The fatal shooting of a cinematographer by actor Alec Baldwin last year was an accident, according to a decision by the New Mexico Office of the Medical Investigator following an autopsy and examination law enforcement reports.

The medical investigator’s report was released Monday by the Santa Fe County Sheriff’s Office, along with numerous FBI reports on the gun and ammunition that were recovered after the shooting.

Prosecutors have yet to decide whether charges will be brought in the case, saying they will review the latest reports and are awaiting cellphone data from Baldwin’s attorneys.

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Baldwin was pointing a gun at cinematographer Halyna Hutchins when it exploded Oct. 21, killing Hutchins and injuring director Joel Souza. They had been inside a small church during setup to film a scene.

While it’s too early to tell what weight the medical investigator’s report will have on the district attorney’s office, Baldwin’s legal team suggested it was further evidence that the shooting was “a tragic accident and that he should not face criminal charges.

“This is the third time New Mexico authorities have discovered that Alec Baldwin had no authority or knowledge of the allegedly unsafe conditions on set, that the person in charge of on-set security told him that the weapon was ‘cold,’ and believed the weapon was safe,” attorney Luke Nikas said in a statement.

Baldwin said in a December interview with ABC News that he was pointing the gun at Hutchins on his instructions on the set of the Western movie “Rust” when it went off after cocking him. He said he didn’t pull the trigger.


An FBI analysis of the revolver Baldwin had in his hand during the rehearsal suggested that it was in working order at the time and would not have discharged unless fully cocked and the trigger was pulled.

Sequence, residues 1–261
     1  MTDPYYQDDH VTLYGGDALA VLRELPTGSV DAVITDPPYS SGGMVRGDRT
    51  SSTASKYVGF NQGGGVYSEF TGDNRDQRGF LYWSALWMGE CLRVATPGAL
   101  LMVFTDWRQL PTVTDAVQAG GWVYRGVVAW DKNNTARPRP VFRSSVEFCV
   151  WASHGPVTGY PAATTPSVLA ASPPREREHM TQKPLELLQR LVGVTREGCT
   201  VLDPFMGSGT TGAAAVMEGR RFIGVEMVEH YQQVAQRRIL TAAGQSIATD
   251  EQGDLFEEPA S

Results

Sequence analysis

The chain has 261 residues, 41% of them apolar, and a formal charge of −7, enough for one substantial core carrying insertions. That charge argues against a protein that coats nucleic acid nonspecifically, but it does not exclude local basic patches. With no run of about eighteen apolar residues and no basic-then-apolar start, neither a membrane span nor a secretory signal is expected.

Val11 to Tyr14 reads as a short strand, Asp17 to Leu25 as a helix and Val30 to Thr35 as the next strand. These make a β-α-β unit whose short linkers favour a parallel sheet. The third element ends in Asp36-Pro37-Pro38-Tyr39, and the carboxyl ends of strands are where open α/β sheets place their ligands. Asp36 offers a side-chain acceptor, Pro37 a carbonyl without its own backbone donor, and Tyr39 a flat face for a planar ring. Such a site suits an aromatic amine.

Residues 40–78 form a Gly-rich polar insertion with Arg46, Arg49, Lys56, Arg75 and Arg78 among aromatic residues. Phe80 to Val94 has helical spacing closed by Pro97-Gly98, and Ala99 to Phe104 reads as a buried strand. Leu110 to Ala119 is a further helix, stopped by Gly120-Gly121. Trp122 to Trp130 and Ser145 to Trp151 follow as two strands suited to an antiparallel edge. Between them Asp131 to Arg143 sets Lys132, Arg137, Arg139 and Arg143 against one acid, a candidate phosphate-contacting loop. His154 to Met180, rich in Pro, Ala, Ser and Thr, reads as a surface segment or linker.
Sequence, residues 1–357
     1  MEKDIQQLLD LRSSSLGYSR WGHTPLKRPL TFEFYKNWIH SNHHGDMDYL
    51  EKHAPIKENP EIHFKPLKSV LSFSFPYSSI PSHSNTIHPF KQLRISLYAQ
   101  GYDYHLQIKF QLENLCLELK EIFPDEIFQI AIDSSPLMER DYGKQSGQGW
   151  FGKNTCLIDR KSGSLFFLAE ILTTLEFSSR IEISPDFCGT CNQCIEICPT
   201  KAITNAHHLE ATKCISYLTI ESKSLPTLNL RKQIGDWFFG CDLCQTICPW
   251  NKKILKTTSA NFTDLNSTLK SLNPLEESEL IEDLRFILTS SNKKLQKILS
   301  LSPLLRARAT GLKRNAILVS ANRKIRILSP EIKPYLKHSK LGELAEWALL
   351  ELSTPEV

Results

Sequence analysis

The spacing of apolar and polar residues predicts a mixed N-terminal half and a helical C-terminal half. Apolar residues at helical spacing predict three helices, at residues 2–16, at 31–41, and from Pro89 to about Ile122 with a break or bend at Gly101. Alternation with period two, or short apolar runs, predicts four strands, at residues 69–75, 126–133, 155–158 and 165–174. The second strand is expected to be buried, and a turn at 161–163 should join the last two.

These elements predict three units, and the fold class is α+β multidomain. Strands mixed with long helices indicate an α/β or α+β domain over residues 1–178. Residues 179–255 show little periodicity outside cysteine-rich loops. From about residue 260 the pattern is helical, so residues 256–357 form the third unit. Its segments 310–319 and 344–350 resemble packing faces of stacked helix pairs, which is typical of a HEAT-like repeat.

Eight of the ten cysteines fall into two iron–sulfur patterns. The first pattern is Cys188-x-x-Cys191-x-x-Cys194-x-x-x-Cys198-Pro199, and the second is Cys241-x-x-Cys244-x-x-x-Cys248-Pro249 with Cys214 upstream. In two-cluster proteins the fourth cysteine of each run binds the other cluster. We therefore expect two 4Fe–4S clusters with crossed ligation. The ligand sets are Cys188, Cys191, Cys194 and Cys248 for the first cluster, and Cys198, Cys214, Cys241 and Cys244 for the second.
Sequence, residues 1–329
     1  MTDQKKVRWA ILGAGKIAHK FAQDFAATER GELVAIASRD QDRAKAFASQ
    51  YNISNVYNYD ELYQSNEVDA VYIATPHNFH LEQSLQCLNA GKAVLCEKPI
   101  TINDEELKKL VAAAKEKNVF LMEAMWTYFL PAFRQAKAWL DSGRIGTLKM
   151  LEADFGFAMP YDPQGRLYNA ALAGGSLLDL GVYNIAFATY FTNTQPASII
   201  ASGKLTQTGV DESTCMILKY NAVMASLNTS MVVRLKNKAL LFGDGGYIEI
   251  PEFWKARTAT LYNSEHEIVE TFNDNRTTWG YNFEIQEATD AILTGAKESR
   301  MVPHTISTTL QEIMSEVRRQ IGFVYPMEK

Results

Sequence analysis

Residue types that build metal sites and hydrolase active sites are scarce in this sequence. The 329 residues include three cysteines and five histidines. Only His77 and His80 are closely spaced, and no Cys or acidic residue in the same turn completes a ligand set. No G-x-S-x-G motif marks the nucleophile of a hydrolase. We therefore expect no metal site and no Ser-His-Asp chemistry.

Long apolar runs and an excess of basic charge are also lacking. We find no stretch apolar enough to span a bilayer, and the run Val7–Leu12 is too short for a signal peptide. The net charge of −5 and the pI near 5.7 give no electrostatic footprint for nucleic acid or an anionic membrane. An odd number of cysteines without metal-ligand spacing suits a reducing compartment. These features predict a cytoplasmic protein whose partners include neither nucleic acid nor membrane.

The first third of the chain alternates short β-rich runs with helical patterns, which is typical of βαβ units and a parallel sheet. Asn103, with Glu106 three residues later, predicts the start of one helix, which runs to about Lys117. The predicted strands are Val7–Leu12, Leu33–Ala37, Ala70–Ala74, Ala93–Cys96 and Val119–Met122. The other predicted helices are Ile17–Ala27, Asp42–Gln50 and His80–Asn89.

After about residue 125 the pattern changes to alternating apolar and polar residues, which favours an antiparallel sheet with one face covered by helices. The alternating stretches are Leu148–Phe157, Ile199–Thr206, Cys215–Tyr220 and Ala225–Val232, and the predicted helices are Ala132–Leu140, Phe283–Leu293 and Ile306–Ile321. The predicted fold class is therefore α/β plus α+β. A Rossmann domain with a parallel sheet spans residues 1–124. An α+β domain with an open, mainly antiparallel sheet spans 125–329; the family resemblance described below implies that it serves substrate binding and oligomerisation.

With the hammer in the fully cocked position, the FBI report stated that the weapon could not fire without pulling the trigger as long as the working internals were intact and functional.

During FBI testing of the weapon, authorities said, parts of the trigger and cylinder stop fractured as the hammer was struck. This allowed the hammer to fall and the firing pin to detonate the primer.

“This was the only successful discharge during these tests and was attributed to fracture of internal components, not failure of the firearm or safety mechanisms,” the report said.

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The FBI report does not specify how many times the hammer of the revolver may have been struck during testing.

Baldwin, who was also a producer on the movie “Rust,” previously said the gun shouldn’t have been loaded for rehearsal.

Among the ammunition seized at the shooting site were live ammunition found on a cart and in the case that was in the building where the shooting occurred. Blank and dummy cartridges were also found.

The New Mexico Office of Occupational Health and Safety, in a scathing report released in April, detailed a story of safety failures in violation of standard industry protocols, including testimony that managers production took limited or no action to remedy two misfires on set before the fatal shoot.

The office also documented gun safety complaints from crew members that went unheeded and said weapons specialists were not authorized to make decisions about additional safety training.

In concluding that the shooting was an accident, the New Mexico Office of the Medical Investigator noted “no obvious intent to cause injury or death” and said there was “no no convincing demonstration” that the revolver had been intentionally loaded with live ammunition. on the tray.

© 2022 The Canadian Press


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